The COVID-19 pandemic has had a significant impact on commercial and specialty lines of insurance, creating new trends that seemed to have reduced or changed risk in some areas.
However, now an arm of global insurer Allianz has revealed that, overall, the positive trends in claims for insurers have been outweighed by COVID-19 notifications.
In a new report on the changing claims patterns brought about by the pandemic, Allianz Global Corporate & Specialty (AGCS) said that traditional property and liability claims have been subdued during lockdowns – but this has been more than outweighed by a surge in COVID-19 related claims notifications, particularly from the entertainment industry.
“The pandemic is certainly one of the worst loss events for the insurance industry in history – claims could be as high as US$110 billion in 2020, according to Lloyd’s estimates,” said Thomas Sepp, chief claims officer at AGCS. “AGCS alone has reserved about US$571 million for expected COVID-19 related claims, especially for the cancellation of live events and the disruption of movie or film productions in the entertainment industry.”
While a sharp fall in economic activity and prolonged social distancing measures has seen material reductions in some lines of property and liability insurance – most notably in the aviation sector – the cancellation or postponement of events and productions has become one of the largest sources of pandemic-related losses for the global insurance industry, bringing a surge in claims.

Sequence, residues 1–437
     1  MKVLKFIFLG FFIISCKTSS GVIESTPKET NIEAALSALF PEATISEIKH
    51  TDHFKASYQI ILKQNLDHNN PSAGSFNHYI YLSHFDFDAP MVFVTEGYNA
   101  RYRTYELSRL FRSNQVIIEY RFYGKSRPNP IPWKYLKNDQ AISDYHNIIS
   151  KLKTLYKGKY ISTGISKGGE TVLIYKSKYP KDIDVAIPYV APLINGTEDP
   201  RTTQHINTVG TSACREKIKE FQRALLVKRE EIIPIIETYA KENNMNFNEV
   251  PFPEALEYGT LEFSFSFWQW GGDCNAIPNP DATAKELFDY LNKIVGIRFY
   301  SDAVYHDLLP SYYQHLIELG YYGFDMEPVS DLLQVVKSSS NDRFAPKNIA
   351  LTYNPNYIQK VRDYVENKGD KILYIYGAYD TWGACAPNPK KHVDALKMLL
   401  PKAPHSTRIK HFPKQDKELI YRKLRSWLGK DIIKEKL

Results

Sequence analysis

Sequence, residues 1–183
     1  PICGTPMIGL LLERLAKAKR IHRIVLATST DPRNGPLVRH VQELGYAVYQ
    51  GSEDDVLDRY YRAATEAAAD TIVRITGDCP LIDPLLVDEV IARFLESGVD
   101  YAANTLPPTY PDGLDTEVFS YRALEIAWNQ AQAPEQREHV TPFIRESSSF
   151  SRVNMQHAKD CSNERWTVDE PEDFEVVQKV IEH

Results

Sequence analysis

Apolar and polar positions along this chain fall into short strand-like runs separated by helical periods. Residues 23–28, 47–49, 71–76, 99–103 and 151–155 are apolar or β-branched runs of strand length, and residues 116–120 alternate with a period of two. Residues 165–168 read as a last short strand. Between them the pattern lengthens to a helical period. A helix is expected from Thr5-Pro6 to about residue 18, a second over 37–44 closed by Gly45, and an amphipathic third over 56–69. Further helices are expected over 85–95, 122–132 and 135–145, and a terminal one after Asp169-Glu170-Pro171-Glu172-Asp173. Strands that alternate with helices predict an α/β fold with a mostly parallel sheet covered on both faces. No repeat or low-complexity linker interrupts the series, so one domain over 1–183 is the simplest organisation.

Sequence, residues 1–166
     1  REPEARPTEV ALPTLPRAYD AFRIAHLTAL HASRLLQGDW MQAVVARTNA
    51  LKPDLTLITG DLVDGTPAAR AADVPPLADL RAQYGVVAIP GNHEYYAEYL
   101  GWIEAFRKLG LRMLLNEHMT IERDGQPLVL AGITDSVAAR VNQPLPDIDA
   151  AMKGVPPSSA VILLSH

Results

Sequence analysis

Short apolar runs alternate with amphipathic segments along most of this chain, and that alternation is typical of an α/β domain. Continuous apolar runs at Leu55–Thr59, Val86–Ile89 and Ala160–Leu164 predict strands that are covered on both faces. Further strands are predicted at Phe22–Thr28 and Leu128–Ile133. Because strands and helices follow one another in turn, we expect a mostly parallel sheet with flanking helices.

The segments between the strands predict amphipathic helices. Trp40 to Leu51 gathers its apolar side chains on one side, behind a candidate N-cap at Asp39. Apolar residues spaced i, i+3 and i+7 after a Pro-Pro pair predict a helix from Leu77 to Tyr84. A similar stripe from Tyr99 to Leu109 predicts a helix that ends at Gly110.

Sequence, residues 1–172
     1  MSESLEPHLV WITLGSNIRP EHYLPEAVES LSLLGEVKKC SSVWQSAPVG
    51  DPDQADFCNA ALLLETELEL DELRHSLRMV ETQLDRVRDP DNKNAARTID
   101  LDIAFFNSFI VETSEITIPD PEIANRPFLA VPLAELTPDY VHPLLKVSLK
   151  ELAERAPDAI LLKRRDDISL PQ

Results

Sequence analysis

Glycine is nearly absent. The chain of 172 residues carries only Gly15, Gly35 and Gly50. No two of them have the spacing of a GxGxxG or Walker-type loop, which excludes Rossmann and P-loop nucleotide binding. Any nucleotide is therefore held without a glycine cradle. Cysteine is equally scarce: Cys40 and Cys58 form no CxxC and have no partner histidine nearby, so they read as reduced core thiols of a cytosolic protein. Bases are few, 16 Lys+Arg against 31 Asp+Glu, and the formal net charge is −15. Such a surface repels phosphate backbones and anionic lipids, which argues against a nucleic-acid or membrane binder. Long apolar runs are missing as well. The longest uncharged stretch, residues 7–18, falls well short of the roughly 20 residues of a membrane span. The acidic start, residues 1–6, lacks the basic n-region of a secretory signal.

“We have received thousands of COVID-19 related claims from the entertainment sector (where AGCS is a major provider of insurance to the film, TV and events industry) and the mid-corporate market, and these are only partially offset by a reduction in aviation and property casualty claims,” said Ray Hogendoorn, global head of short term claims at AGCS. “Although many commercial property casualty claims notifications will not be covered losses due to the terms of the agreed coverage, they still have to be handled.”
The insurer also said that changes brought about by the pandemic could have a long-term impact on the risk landscape.
“A growing reliance on technology, the shift to homeworking for staff and the remote monitoring of industrial facilities could make companies more vulnerable to cyberattacks,” said Sepp. “Also, trends such as a reduction in air travel or investments in green energy and infrastructure would change the risk environment for companies and shape claims trends for insurers.”
Sepp also identified the “current rethinking and de-risking of global supply chains to achieve more operational resilience” as a topic to watch.
“Many companies are currently reviewing their supply chain strategies and are evaluating options such as parallel supply chains with more redundancies or some reshoring from low-cost countries back to more developed markets,” said Sepp. “This will have an important impact for insurers, both in terms of generating demand for new protection solutions, as well as new claims scenarios.”